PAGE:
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We departed Cuerici at about 6:30am, after a rushed breakfast.  The hike out was definitely a solid trek, so everyone was booking it.  Most of us ended up getting picked up by the luggage truck towards the end (but of course I had too much pride and so the crew looked on as I attempted to run up the last few hundred yards, wheezing and sweating as the long-tailed blackbirds cackled overhead).  Quickly passed out on the bus, relieved that both the hill sprint, and one of the most stressful and difficult weeks of my life, were over.

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The coach took us spiraling down out of the mountains, down through rolling hills, out into the lowland heat of the Osa Peninsula. We stopped in a small coastal town, for we had an old friend to meet there….

 

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….Matt had come to join us in exploring a new location for FSP: El Campanario Research Station in Corcovado National Park.  For many years, FSP has been going to Corcovado, but our usual station there had decided to cater more to a touristy crowd or something like that.  Well, the hell with them because it appears we made the right decision to go elsewhere.

To get to the station, we all piled into a dinky 250 HP motorboat and chugged our way out of from the docks into mangrove swamps.  Mario, who introduced himself as the station’s botanist who would accompany us for the week, pointed out local waterfowl as he overviewed the importance of mangroves, a topic many of us were familiar with.  Mangroves serve not only important ecological functions (estuaries for breeding fish, buffer zones for fresh- and saltwater systems), but also can serve local communities (protecting from storm surge, enhancing the local fishing industry).  Halfway through the boat ride, we got off and stepped out to troop around in the mangroves themselves.  We perched among the massive root systems, 8 feet above the mud, as Mario explained the unique functions of the various taxa termed “mangrove.”  As Matt pointed out, it’s rare that species with no taxonomic similarities are all bunched together under one common name, and so universally too.

 

After reboarding, the boat sped out into the open waters of the Pacific.  Izzy got a little panicky from the big waves, but when I helped her realized she was riding a magical seahorse (duh) things became a lot more fun. It was wonderful to be reunited with the ocean, and that boatride made me realize how much I missed the Jersey Shore and being around boats.  It’s been a while.

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So as you can imagine, we were all washed with euphoria when we saw what the station was like.  After all the collective misery of Cuerici, we could tell from the very beginning that our stay at Corcovado would be far more good vibes.  We unloaded the boat and basked in the glory of where we were.  I mean c’mon: a cozy little station ten feet away from the beach, beautiful gardens with all kinds of edible fruits surrounding the location, and lush lowland rainforest just a few steps away.  Basilisks sprinted across the path, and scarlet macaws called from above.  It really doesn’t get better than this.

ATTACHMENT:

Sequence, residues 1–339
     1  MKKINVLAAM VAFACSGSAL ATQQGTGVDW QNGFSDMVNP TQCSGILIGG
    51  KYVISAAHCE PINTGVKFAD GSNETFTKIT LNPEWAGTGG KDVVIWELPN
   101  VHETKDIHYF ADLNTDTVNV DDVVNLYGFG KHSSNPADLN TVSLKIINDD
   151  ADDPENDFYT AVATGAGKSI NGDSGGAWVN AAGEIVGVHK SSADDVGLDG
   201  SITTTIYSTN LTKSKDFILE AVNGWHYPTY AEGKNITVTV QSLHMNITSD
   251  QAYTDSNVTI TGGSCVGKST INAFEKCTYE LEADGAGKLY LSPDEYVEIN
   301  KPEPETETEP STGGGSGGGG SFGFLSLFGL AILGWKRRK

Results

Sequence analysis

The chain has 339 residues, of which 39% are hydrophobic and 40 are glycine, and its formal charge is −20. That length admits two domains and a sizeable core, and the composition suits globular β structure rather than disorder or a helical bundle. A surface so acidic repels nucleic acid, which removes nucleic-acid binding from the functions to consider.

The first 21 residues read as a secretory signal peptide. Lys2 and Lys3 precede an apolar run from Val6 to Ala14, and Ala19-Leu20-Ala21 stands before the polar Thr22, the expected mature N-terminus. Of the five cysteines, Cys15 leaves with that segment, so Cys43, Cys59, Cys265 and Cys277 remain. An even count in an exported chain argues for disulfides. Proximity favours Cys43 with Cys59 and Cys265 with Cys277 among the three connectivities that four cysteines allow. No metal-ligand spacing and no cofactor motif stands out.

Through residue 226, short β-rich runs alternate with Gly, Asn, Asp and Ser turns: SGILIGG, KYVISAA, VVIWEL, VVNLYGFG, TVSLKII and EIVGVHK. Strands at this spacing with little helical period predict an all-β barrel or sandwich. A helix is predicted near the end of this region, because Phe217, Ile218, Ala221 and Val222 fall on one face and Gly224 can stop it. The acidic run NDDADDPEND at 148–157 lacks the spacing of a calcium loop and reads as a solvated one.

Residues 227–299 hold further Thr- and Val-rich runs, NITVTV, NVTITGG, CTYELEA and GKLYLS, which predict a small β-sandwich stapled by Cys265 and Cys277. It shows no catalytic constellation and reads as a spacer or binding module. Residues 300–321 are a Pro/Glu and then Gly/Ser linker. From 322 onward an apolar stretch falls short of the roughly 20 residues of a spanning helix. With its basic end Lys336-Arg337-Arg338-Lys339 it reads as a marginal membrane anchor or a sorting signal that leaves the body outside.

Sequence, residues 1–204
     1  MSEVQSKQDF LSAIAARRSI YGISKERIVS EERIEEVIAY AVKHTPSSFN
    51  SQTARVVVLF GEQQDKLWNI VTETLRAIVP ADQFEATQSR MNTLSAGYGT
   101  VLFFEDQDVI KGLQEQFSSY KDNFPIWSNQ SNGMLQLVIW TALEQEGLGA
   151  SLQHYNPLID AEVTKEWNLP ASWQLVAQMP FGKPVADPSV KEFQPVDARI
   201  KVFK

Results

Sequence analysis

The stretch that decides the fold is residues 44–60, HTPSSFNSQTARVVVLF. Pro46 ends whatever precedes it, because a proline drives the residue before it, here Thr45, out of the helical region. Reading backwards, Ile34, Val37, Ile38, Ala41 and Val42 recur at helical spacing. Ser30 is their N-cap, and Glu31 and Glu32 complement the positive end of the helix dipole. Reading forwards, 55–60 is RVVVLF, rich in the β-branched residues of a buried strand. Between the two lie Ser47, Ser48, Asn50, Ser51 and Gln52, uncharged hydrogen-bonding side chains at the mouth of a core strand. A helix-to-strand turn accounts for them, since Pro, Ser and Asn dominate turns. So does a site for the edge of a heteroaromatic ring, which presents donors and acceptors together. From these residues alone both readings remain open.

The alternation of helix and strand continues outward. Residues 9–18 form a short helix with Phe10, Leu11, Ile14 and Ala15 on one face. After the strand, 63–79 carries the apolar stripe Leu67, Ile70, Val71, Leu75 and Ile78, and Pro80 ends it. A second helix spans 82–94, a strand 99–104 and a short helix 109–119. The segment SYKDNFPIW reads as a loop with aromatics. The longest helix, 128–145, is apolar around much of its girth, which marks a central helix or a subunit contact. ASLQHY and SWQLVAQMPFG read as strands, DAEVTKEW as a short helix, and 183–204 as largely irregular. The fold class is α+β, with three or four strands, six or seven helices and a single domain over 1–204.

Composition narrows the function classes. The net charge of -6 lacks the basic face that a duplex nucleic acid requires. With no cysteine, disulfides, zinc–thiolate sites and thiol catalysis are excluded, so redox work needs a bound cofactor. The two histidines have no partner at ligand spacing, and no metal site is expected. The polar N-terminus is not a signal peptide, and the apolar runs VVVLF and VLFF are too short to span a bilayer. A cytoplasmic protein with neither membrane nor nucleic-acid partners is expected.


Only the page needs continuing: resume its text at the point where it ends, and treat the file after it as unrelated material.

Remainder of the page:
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We took it fairly easy the rest of the afternoon, got settled in to our rooms and received a safety talk from Nancy, the station manager.  Corcovado has some serious dangers — and by that, I mean snakes.  Real talk.  You don’t go more than a hundred meters from the station without wearing high rubber boots or snake gaiters, and no one was to go out into the forest alone.  Of the many venomous snakes found here, the most prominent is the feared Fer-de-Lance (“Iron Sword,” after its pointed head and vicious bite). Not a snake to mess with.  So I had to find one.

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A sense of how far out there we were.  That’s Mario in the background, the residential expert botanist who helped us out a bunch in our project speculation.

For once, we actually had some free time.  I decided to be a little social and join in on the frolicking in the waves.  Golden rays of sun pierced the canopy on the cliffs behind us, and lit up the cumulonimbus clouds over the distant seas with a hazy pink hue.  The water was perfectly clear and comfortably warm.  As the first time in a little while that all of the kids were together in one place, and not in an academic setting, we took the opportunity to laugh out all the stress that had accumulated from our last projects, and joked about things besides science (for once). This was definitely going to be a turning point for me; there’s no way I can’t succeed in a perfect environment like this.

 

 

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I actually only have photos from Robbie’s presentation later that week, but you get the same idea.

 

That evening, after a delicious and colorful dinner, we sat all together under candlelight to hear Yasmeen’s paper presentation.  The whole station was powered by solar panels, and so electricity was limited and not available at night.  This was one of the things that set aside El Camp from any of our other locations so far, and the dimly lit dining room atmosphere was a reminder of just how far off the grid we were.

 

While everyone played cards or talked, I took some time to think about potential projects.  There’s a lot of room to work with here, and so many possibilities unexplored.  Just the place to do a project on something I really love, while also producing cool science that matters.

 

 

 

 

 

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